By Ayya Lmahamad
The international rating agency Fitch Ratings forecasts Azerbaijan's real GDP to recover to 2.5 percent in 2021 and 2.8 percent in 2022 as oil prices and aggregate demand recover, but constrained by the impact of low oil prices on oil and gas investments.
Moreover, Fitch forecasted a real GDP growth to contract by 4.2 percent in 2020 due to the lockdown in major cities and the sharp fall in oil prices. It should be noted that in April, Fitch predicted a decline in Azerbaijan’s economy at 4.8 percent in 2020.
Oil production volumes have also been affected by Azerbaijan’s participation in OPEC+ oil supply cuts in May- June, with a possible extension to the rest of 2020. Thus, growth will only be partly offset by ongoing government packages announced in 2019 and AZN 2.5 billion (3.1 percent of GDP) in households and businesses support measures from reallocated expenditures in the original 2020 budget.
Furthermore, as Azerbaijan is highly dependent on energy resources, oil and gas accounts for about 40 percent of GDP, 81 percent of goods and services export revenues and two-thirds of fiscal revenues in 2019. Although it is forecasted the current account balance to deteriorate to 4 percent of GDP in 2020, it will return to surpluses of 4.4 percent and 6.1 percent in 2021 and 2022, respectively.
Likewise, according to the statement, Azerbaijan’s very strong external balance sheet is absorbing most of the impact from lower oil prices. Reserves at the end of 2019 amounted to $49.5 billion, which is enough to cover 27 months of imports. It is forecasted that in 2020 they will declined to $38.3 billion (23 months of imports). In addition, external assets include mainly SOFAZ assets, which amounted to $41.3 billion at the end of the first quarter of 2020, and foreign exchange revenues of the Central Bank of Azerbaijan, which increased slightly to $6.4 billion at the end of May 2020.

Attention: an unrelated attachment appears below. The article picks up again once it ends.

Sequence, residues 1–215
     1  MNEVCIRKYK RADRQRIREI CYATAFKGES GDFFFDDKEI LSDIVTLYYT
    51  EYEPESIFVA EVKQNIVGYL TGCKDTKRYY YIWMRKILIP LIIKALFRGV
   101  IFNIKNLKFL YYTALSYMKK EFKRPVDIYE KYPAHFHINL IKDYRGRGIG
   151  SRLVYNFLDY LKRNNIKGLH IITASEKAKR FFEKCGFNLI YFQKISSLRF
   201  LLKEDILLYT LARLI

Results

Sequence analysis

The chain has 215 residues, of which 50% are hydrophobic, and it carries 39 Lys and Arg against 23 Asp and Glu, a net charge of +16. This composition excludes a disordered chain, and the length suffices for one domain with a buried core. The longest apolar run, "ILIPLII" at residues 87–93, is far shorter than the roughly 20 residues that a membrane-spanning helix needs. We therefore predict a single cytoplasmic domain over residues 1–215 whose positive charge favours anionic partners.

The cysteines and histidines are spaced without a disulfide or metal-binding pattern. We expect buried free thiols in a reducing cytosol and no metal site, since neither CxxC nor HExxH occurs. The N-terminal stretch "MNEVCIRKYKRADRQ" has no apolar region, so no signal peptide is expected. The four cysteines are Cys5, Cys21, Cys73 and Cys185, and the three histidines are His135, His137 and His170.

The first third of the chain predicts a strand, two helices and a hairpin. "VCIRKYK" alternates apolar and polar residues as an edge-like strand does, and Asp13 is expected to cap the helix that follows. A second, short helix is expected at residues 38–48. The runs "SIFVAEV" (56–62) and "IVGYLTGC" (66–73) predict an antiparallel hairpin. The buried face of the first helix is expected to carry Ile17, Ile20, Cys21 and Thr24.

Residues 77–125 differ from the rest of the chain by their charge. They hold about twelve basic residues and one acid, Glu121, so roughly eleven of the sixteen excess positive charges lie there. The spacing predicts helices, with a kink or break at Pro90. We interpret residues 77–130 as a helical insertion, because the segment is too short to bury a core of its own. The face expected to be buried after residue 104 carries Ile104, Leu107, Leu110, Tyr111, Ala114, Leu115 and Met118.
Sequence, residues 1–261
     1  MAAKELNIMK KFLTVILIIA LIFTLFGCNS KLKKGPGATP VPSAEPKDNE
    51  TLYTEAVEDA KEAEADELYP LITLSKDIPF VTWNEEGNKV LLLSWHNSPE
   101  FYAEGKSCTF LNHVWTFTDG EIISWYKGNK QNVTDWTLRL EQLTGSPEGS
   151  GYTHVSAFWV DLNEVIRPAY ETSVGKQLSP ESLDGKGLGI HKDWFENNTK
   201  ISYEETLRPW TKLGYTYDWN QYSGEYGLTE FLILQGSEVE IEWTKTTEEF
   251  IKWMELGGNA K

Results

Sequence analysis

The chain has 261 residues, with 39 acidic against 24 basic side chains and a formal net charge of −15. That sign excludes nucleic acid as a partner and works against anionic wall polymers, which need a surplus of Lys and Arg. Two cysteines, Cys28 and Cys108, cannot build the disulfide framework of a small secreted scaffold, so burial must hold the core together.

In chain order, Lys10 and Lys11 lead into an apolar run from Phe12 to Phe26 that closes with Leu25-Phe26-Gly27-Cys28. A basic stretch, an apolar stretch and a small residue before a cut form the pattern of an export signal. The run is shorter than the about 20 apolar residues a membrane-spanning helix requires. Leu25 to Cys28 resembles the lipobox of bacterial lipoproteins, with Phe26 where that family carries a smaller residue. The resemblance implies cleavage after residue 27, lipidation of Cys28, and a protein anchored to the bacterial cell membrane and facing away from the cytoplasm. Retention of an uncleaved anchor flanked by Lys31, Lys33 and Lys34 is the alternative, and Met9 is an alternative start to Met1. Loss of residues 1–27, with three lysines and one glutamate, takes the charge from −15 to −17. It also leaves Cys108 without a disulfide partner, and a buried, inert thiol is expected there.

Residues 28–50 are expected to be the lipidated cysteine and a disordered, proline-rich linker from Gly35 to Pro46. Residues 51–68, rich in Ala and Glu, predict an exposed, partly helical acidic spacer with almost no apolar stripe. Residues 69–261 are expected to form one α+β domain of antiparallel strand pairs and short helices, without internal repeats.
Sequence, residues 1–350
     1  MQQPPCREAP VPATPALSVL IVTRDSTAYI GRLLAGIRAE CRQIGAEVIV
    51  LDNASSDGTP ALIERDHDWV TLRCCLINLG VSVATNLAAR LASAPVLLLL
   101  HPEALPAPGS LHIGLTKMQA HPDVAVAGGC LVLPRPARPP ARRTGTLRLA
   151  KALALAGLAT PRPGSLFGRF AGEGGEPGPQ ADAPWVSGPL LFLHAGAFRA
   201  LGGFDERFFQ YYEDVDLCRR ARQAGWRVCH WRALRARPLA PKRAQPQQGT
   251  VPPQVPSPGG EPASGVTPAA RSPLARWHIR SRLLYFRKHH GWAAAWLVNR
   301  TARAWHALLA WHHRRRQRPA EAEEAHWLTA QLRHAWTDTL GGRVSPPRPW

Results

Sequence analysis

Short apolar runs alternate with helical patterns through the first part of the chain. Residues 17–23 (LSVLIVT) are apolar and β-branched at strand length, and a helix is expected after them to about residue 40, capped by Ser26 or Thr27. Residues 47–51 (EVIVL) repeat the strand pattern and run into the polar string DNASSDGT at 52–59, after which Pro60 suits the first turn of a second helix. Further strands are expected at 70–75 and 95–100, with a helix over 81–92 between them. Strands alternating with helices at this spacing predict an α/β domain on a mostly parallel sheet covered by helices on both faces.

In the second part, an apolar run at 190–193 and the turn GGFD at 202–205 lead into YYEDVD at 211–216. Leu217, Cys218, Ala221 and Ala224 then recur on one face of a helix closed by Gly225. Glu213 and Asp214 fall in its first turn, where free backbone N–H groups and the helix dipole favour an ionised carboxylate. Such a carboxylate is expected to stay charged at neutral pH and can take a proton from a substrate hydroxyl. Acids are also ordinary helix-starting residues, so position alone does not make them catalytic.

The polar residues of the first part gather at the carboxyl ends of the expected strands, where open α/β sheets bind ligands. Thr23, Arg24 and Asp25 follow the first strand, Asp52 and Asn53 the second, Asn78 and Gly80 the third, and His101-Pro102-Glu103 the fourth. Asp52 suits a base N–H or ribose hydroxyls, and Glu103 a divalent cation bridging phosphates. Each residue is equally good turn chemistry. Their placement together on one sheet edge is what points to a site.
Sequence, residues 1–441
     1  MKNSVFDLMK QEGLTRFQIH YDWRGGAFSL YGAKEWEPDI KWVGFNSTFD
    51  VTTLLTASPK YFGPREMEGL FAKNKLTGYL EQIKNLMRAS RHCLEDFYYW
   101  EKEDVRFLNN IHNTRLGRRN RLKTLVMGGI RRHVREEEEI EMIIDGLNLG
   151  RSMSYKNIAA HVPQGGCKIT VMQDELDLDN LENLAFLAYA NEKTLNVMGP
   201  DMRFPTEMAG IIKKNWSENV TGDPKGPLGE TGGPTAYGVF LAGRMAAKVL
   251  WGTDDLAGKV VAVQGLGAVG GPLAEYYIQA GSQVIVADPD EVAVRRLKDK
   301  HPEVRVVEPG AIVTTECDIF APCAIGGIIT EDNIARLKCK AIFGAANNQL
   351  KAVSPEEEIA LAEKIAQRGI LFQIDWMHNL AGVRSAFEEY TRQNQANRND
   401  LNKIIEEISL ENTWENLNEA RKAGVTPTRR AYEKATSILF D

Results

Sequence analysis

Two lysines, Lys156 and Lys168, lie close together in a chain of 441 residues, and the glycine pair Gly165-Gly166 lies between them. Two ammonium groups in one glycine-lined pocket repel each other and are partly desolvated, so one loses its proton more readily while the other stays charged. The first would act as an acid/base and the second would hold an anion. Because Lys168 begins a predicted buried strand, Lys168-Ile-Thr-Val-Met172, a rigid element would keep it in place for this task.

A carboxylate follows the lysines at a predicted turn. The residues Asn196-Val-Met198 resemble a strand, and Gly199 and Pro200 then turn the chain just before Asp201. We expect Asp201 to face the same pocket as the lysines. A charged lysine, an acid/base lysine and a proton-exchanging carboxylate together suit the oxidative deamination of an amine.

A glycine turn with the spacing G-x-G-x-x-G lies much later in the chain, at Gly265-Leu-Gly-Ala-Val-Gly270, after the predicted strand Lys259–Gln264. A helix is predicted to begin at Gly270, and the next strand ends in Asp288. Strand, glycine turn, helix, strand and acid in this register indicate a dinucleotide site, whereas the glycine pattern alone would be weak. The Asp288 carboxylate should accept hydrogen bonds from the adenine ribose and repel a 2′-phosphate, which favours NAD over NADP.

Additionally, the agency forecasts that in 2020 the surplus of the consolidated budget will be replaced by a deficit of 6.8 percent of GDP.
“The sharp fall in oil prices will greatly reduce oil fiscal revenues flowing into SOFAZ, while automatic stabilisers are expected to increase current spending on social payments and benefits as the unemployment rate rises to 8 percent from 5 percent in 2019. (…) We forecast public debt to increase to 23 percent of GDP by the end of 2020 but return to 19 percent by 2022,” the statement reads.
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